MACHINE PROJECT, LOS ANGELES
(OCTOBER 2—DECEMBER 14, 2015)
Machine Project always sets the bar high for ambiguous, whimsical programming, but Patrick Michael Ballard’s Return to Foreverhouse was one of its more intensely immersive installations. For one hour, the viewer and five close friends (or curious strangers) were invited into a task-based adventure featuring, but not limited to, bright lights, birthday parties, 1980s children’s programming, sexual surrealism, and prosthetic ears.
Viewers—again only six, no more no less—were transported from an Echo Park street corner to velveteen puppet purgatory in an enigmatic miniature living room. When inside, the space’s bubblegum palette posed many challenges, in order to “free” human and non-human characters alike from what seemed the haunted remains of a children’s television variety hour. Superficially engaged with millennial TV nostalgia, the piece in fact examined darker coming-of-age themes including burgeoning sexuality, the inevitability of death, and what tea to brew for a reclusive and potentially riddle-answering elder. The experience might have prompted a critical reappraisal of kid classics such as The Muppets, Fraggle Rock, The Smurfs and Meet the Feebles, all pointing to Return to Foreverhouse’s ideological and symbolic origins.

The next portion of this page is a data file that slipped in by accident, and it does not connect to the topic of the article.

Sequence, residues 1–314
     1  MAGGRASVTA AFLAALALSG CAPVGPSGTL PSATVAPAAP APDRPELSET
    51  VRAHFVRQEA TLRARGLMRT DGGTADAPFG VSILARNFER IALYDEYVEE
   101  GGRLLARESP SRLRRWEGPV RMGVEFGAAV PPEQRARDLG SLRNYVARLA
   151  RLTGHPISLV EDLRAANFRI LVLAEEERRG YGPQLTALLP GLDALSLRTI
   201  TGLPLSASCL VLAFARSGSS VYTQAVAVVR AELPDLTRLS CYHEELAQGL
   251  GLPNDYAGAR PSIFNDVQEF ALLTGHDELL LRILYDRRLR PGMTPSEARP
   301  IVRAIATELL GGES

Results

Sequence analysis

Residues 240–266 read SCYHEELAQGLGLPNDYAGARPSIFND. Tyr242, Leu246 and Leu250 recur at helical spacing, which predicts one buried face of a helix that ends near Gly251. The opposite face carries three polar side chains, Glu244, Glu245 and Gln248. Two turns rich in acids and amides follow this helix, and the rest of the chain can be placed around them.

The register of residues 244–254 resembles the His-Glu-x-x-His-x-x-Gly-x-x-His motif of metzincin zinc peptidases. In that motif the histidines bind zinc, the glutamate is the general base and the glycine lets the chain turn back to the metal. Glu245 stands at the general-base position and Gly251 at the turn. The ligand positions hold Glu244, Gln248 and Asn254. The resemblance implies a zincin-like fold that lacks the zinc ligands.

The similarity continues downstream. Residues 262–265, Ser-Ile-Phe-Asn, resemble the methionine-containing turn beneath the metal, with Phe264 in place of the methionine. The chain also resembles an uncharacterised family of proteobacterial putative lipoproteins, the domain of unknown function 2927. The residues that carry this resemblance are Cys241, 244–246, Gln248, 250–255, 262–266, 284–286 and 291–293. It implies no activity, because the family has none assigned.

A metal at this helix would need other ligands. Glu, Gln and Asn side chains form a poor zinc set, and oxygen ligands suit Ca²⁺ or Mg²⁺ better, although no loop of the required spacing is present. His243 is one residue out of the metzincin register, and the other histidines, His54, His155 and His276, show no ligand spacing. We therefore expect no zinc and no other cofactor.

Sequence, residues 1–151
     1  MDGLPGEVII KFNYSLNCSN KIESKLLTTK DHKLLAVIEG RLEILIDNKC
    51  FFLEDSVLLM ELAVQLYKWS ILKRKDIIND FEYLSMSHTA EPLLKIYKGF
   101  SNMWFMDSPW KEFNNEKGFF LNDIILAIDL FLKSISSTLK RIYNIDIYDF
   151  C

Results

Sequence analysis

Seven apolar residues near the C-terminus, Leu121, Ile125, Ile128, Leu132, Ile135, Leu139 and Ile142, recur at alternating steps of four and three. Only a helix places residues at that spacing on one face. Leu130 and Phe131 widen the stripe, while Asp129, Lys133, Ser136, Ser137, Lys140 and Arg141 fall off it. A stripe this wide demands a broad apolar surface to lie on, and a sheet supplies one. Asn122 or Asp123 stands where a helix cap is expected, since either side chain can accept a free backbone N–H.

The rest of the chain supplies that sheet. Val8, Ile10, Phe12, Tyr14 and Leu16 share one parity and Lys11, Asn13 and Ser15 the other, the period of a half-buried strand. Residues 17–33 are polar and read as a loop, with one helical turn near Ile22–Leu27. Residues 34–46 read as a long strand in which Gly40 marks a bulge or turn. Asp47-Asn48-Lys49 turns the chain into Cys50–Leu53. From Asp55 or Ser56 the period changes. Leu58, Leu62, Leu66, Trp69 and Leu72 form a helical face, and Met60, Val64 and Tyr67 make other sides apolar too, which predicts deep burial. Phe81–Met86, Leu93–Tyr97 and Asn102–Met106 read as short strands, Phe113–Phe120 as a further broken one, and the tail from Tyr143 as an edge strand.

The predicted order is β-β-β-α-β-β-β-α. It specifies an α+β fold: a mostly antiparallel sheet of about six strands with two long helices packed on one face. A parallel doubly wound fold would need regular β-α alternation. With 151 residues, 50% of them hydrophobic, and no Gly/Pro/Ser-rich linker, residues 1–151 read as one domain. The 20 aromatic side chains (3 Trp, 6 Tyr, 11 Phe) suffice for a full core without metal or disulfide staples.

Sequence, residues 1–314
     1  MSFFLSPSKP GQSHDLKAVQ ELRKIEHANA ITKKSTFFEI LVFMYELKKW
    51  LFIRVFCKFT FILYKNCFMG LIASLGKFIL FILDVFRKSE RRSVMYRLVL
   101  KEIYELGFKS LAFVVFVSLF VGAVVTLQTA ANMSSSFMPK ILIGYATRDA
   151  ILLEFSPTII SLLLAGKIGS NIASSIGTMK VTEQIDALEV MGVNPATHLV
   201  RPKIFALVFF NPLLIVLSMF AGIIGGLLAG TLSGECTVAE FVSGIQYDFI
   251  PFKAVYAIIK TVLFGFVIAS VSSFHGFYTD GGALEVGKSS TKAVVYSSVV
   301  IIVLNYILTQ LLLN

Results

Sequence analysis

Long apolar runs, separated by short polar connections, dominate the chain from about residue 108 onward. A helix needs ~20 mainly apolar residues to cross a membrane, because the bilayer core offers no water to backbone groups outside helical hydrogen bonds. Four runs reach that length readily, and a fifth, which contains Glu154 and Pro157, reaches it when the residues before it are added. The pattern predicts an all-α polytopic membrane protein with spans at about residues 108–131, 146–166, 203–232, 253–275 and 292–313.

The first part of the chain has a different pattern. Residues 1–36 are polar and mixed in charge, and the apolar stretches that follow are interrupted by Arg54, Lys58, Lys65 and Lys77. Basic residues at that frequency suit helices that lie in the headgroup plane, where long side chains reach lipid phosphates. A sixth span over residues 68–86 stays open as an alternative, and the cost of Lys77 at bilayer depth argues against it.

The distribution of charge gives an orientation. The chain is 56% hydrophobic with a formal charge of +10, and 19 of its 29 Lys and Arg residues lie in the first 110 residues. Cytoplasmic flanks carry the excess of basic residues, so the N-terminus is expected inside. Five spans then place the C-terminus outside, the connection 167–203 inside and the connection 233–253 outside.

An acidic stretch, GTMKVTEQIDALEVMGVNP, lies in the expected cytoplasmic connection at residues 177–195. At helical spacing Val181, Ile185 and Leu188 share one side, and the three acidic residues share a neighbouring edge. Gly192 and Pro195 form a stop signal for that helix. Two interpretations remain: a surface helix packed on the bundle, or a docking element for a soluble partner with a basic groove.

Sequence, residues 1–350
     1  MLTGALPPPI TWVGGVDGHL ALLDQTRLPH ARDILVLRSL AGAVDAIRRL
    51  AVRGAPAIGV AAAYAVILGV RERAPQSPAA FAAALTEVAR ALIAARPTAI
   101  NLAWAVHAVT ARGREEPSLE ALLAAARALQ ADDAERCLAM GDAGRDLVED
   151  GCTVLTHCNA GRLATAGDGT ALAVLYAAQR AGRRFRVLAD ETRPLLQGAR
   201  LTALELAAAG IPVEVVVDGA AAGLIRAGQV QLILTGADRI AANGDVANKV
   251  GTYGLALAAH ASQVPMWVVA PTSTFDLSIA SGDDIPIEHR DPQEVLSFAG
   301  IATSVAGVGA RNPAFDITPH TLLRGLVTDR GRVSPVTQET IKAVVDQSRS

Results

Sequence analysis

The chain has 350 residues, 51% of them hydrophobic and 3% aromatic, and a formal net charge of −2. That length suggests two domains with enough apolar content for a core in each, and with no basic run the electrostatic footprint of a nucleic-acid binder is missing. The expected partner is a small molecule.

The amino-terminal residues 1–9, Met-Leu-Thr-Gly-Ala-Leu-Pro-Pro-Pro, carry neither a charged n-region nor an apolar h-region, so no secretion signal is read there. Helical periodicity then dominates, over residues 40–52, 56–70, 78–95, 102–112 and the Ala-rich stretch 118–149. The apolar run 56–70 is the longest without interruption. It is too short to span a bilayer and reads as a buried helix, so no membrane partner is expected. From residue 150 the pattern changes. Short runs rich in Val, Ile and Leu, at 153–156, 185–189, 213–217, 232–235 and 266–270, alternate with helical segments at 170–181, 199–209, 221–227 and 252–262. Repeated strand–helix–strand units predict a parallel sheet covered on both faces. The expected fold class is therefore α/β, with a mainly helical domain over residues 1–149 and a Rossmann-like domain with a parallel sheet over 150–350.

The hour-long experience was full of surprise and tension, despite an underwhelming culmination. Still, the piece was less about satisfying traditional narrative structure and more about the interplay between media, childhood, and memory. It is delicate work unpacking the devices, educational and otherwise, so closely tied to one’s upbringing; but Return To Foreverhouse did so with a healthy dose of immersive absurdity, easy to give oneself over to. Ultimately, the question was (and remains) not if you chose Return to Foreverhouse, but if it chose you.